An airliner on an Atlantic Ocean crossing runs out of fuel and ditches miles from any land or boats. It is only a matter of time before the passengers and crew perish.

I thought the story started off slowly making it easy to put down. It reminded me of the Airport movies in the seventies. The author spent considerable chapters showing some of the recurrent training pilots receive leaving the reader with no doubt of the emergency they’ll face later in the story. The airline and its associated problems are described. We’re introduced to the crew which the author does a great job of depicting. Then finally, the villain is introduced. It was from this point the book held my interest.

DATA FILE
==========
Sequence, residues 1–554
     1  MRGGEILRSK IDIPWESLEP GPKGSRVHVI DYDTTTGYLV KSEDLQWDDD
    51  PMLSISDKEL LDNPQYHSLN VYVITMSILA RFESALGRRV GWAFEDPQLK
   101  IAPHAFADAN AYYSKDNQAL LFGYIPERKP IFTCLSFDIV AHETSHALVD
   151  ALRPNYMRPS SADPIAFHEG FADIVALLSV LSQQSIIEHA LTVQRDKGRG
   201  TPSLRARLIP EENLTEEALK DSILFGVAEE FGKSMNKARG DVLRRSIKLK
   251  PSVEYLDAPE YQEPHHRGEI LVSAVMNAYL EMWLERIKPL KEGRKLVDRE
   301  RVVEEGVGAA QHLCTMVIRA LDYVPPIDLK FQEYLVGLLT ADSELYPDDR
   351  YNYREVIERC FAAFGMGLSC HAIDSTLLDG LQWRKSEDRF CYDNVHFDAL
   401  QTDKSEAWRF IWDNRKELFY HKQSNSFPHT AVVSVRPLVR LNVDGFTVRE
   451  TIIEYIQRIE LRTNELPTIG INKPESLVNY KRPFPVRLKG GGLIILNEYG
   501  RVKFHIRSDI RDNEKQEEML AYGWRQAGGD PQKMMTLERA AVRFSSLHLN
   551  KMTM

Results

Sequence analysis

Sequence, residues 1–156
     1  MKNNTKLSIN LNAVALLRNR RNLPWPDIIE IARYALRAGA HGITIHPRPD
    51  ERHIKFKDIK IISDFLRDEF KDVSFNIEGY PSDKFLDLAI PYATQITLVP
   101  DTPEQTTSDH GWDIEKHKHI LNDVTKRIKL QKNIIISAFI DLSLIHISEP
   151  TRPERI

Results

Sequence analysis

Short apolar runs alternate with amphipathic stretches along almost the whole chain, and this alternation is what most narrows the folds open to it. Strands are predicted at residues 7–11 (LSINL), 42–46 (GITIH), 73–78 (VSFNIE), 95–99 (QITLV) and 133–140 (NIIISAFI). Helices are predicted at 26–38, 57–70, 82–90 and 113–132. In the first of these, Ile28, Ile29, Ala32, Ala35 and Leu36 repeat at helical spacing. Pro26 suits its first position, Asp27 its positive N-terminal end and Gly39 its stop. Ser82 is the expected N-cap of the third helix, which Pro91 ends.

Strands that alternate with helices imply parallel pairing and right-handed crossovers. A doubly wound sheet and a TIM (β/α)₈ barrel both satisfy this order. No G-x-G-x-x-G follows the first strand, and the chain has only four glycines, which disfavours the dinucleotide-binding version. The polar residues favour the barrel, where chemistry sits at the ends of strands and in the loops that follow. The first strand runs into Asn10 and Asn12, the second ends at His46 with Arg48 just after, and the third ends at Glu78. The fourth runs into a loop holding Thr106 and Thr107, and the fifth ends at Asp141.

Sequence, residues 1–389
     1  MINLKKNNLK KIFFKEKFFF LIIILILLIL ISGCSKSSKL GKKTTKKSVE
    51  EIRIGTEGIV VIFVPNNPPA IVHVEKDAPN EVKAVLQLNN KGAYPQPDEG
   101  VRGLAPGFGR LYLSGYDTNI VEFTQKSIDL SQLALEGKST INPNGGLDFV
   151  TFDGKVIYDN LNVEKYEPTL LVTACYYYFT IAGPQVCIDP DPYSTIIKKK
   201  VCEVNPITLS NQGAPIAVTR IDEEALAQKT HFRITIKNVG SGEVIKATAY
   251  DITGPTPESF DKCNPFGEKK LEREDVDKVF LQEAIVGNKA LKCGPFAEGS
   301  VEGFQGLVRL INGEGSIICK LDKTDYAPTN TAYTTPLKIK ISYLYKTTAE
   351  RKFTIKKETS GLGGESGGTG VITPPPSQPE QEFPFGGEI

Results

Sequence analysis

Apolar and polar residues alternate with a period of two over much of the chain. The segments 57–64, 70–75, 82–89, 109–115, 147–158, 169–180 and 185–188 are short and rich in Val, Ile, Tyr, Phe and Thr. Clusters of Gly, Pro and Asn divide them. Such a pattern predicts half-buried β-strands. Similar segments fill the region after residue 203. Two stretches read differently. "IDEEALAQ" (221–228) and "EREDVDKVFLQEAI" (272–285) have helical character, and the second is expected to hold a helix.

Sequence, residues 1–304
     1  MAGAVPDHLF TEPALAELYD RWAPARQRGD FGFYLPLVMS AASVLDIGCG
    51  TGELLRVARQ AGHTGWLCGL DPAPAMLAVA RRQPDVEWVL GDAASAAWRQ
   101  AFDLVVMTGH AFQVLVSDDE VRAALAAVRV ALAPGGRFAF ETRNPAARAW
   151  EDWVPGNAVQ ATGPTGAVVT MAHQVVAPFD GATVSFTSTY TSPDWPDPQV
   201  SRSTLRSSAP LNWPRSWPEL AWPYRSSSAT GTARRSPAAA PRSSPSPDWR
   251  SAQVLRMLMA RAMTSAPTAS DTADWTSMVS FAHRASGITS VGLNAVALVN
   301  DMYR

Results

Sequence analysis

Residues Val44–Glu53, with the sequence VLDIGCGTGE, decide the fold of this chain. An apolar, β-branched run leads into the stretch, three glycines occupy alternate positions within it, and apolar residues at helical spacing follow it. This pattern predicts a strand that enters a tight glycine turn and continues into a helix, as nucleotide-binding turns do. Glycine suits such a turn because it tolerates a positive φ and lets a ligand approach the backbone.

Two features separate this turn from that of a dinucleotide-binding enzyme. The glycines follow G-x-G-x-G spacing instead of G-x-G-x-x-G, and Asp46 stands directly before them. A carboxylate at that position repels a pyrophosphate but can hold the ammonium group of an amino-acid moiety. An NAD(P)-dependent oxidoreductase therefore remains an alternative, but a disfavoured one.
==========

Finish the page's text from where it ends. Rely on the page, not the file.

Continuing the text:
The ending was dragged out and could have been summed up quicker. I would also have liked to have seen more emotional attachment to the main characters. This is a trait that’s difficult to write, but I feel the author will do a better job of this in later novels.

My gripes aside, once I was hooked, I sped through the remainder of the story. The crash and the events that follow kept me on edge and made this pilot think, “How would I handle that situation?”

The twist near the end was cleverly written and accurately depicted. The author gets a pat on the back for coming up with it.

This author has a couple of other books published which I will read. I recommend this book to lovers of mystery novels. I rate this book four stars.

Flight For Safety by Karlene Petitt